Although there has been increasing recognition of psychiatric comorbidity in epilepsy, most research and attention in this area has focused on depression. However, comorbid anxiety in epilepsy is highly prevalent, affecting more than 40 % of patients in some reports. Many important outcomes are significantly impacted by anxiety in epilepsy, including quality of life, mortality, and seizure status. Recent evidence from epidemiologic studies suggests a bidirectional association of anxiety and epilepsy, and there is mounting evidence for possible common pathophysiology underlying anxiety and epilepsy...
May 2014: Current Neurology and Neuroscience Reports
Rony Cohen, Yehuda Senecky, Avinoam Shuper, Dov Inbar, Gabriel Chodick, Varda Shalev, Raanan Raz
Epilepsy and attention-deficit hyperactivity disorder (ADHD) were reported to co-occur at rates higher than expected for coincidental findings. This study investigated the prevalence of both disorders in community-based primary care practice. The central database of the second-largest health maintenance organization in Israel was searched for all children aged 6 to 13 years (n = 284 419; 51.5% males) diagnosed as having ADHD according to the physicians' records and/or the filling of at least 10 prescriptions for antiepileptic medications according to pharmacy records...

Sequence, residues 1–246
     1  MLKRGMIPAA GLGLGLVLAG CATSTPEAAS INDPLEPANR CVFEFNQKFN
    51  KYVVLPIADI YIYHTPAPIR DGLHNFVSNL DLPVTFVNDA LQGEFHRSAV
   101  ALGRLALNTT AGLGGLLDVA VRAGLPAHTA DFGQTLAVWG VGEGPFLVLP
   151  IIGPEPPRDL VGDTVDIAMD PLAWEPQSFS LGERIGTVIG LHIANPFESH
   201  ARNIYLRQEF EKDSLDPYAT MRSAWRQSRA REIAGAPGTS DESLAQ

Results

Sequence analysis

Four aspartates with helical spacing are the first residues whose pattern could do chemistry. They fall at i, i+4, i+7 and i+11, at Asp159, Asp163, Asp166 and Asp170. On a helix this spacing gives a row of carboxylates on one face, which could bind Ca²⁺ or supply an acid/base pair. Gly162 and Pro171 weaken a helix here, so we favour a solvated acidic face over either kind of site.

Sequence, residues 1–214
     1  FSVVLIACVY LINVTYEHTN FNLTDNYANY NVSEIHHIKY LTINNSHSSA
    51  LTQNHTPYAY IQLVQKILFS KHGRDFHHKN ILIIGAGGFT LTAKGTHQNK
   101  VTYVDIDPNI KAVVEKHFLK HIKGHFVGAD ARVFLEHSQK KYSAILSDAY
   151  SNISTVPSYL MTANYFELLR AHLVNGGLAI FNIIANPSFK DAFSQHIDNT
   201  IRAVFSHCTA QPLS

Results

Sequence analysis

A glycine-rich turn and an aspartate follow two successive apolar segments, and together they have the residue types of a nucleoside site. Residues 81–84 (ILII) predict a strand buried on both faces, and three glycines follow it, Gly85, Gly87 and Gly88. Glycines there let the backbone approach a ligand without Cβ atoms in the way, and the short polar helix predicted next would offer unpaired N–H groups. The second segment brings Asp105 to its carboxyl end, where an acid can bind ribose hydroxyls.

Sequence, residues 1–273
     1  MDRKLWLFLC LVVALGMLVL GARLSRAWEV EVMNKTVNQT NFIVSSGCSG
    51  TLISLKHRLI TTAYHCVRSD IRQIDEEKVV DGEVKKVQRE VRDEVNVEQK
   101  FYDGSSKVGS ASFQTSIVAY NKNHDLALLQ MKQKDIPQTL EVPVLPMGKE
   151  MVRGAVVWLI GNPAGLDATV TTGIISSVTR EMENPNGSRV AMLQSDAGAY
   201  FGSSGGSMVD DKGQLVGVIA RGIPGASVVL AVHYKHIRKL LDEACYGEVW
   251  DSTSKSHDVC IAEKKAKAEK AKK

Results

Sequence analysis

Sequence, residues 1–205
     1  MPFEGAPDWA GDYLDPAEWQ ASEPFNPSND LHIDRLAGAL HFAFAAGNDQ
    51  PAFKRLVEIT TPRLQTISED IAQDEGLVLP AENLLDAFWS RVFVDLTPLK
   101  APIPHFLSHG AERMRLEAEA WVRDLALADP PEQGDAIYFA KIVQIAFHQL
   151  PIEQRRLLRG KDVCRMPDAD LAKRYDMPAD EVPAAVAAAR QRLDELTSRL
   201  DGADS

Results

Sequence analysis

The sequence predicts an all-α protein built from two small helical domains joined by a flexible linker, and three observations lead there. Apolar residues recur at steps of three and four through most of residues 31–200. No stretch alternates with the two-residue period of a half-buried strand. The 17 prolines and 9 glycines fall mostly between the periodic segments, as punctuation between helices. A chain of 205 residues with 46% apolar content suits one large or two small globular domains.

January 2013: Journal of Child Neurology
Cecilia Adelöw, Tomas Andersson, Anders Ahlbom, Torbjörn Tomson
OBJECTIVE: To study hospitalization for psychiatric disorders before and after onset of unprovoked epileptic seizures/epilepsy. METHOD: In this population-based case-control study, the cases were 1,885 persons from Stockholm with new onset of unprovoked seizures from September 1, 2000, through August 31, 2008, identified in the Stockholm Epilepsy Register. Controls, in total 15,080, were randomly selected from the register of the Stockholm County population. Odds ratios (ORs) were calculated to assess the risk of developing unprovoked epileptic seizures before and after hospitalization for a psychiatric diagnosis defined as a psychiatric hospital discharge diagnosis using International Classification of Disease codes from the Swedish Hospital Discharge Registry...